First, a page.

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Partisan Investment in the Global Economy
Why the Left Loves Foreign Direct Investment and FDI Loves the Left


  • Date Published: March 2013
  • availability: Available
  • format: Paperback
  • isbn: 9781107617360

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About the Authors
  • Pinto develops a partisan theory of foreign direct investment (FDI) arguing that left-wing governments choose policies that allow easier entry by foreign investors more than right-wing governments, and that foreign investors prefer to invest in countries governed by the left. To reach this determination, the book derives the conditions under which investment flows should be expected to affect the relative demand for the services supplied by economic actors in host countries. Based on these expected distributive consequences, a political economy model of the regulation of FDI and changes in investment performance within countries and over time is developed. The theory is tested using both cross-national statistical analysis and two case studies exploring the development of the foreign investment regimes and their performance over the past century in Argentina and South Korea.

    • Includes a fully specified political economy model of the distributive consequences of foreign investment and its impact on the policies chosen by host governments and the location decisions chosen by foreign investors
    • Cross-national statistical analyses of the impact of government partisanship on both FDI regime restrictiveness and the FDI performance of host countries
    • Provides thorough case studies of the co-evolution of the Argentine and South Korean political contexts and foreign investment regimes
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    Reviews & endorsements

    'Pinto explores one of the key political questions asked of globalization: when and why would a government seek foreign direct investment? By providing analysts with a lucid and thorough examination of data on cross-country variation in both flows and regulation of FDI, Pinto shows how and why left-leaning parties are more likely to support FDI. This is a must-read book for scholars interested in economic development, globalization, and the politics of investment.' Judith Goldstein, Stanford University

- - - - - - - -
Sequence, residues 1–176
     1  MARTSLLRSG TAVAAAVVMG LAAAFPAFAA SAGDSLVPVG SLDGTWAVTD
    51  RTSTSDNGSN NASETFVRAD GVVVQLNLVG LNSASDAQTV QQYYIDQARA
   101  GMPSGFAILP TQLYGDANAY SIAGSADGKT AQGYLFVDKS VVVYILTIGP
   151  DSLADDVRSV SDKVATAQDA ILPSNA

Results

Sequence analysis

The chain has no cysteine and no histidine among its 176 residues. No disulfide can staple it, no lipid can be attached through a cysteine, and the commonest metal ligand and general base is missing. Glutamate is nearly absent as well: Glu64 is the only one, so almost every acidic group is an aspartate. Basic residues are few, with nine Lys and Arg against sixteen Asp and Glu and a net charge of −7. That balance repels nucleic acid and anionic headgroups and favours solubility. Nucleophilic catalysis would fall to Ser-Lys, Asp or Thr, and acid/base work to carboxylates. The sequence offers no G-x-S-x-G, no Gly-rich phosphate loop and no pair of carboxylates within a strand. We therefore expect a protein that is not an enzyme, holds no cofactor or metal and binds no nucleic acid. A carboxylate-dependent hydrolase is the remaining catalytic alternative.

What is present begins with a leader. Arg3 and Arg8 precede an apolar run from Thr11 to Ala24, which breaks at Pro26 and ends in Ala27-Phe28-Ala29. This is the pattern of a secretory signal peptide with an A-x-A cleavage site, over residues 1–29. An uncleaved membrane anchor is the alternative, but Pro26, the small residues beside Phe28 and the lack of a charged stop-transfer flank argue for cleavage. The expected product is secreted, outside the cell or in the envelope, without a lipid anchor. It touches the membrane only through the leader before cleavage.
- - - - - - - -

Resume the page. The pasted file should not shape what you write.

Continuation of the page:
'In breaking with the commonly predicted expectation about the role of labor in attracting foreign investments, this book compels the attention of everyone working in political economy. It challenges us to think carefully about the linkages between partisanship, interest groups, political preferences, and policy outcomes. If you thought left-wing governments always repel foreign investments, you must read this book to find out the conditions in which the reverse is true, such that investment feels reassured by the support of labor in preventing nationalist blockage by outsiders. This is a vital book to all students of national and comparative political economy in its methodologically sophisticated way of exploring the linkages among domestic politics, interest groups, and policy outcomes. It challenges conventional wisdom with a strongly researched set of data to back up its claims.' Peter Gourevitch, University of California, San Diego

    'This book provides fresh insight into how domestic politics affects FDI. Pinto advances a highly original argument about the role of partisanship in shaping FDI and presents a battery of evidence to support his claims. The result is an important study that will be of interest to both economists and political scientists.' Edward Mansfield, University of Pennsylvania

    'Pinto presents a new, refreshing, and counterintuitive view of the politics of foreign direct investment. There's no doubt this will be seen as an exciting contribution to the literature.' David Stasavage, New York University

    'At the heart of Pablo Pinto's Partisan Investment in the Global Economy is a surprising empirical claim: governments of the Left like foreign direct investment (FDI), and the feeling is mutual … Through sharp argumentation and solid empirical evidence, Pinto effectively shifts the burden of proof with regard to how progressives ought to regard foreign direct investment.' James E. Mahon, Jr, Latin American Research Review

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    Product details

    • Date Published: March 2013
    • format: Paperback
    • isbn: 9781107617360
    • length: 305 pages
    • dimensions: 228 x 152 x 16 mm
    • weight: 0.41kg
    • contains: 33 b/w illus. 37 tables
    • availability: Available
  • Table of Contents

    1. FDI and coalitions
    2. The politics of investment
    3. Partisanship and commitment
    4. Cross-country analysis
    5. FDI in Argentina
    6. Business influence and FDI
    7. Conclusion.

  • Author

    Pablo M. Pinto, University of Houston
    Pablo M. Pinto is an Associate Professor in the Department of Political Science at Columbia University. His work has been published or is forthcoming in International Organization, the Review of International Political Economy, State Politics and Policy Quarterly, Economics and Politics and Comparative Political Studies. In addition to this book, he is co-author of Politics and Foreign Direct Investment and of numerous book chapters. He received his PhD from the University of California, San Diego.

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